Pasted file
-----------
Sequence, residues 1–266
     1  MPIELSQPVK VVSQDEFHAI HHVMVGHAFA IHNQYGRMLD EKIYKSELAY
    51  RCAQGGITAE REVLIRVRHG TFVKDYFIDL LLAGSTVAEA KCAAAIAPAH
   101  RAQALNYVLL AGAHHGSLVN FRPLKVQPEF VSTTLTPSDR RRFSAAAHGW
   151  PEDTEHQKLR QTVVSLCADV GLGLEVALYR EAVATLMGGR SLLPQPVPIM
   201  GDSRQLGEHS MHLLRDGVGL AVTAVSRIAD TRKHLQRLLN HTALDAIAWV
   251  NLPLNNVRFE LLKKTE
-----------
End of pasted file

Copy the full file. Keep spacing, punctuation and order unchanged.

Sequence, residues 1–266
     1  MPIELSQPVK VVSQDEFHAI HHVMVGHAFA IHNQYGRMLD EKIYKSELAY
    51  RCAQGGITAE REVLIRVRHG TFVKDYFIDL LLAGSTVAEA KCAAAIAPAH
   101  RAQALNYVLL AGAHHGSLVN FRPLKVQPEF VSTTLTPSDR RRFSAAAHGW
   151  PEDTEHQKLR QTVVSLCADV GLGLEVALYR EAVATLMGGR SLLPQPVPIM
   201  GDSRQLGEHS MHLLRDGVGL AVTAVSRIAD TRKHLQRLLN HTALDAIAWV
   251  NLPLNNVRFE LLKKTE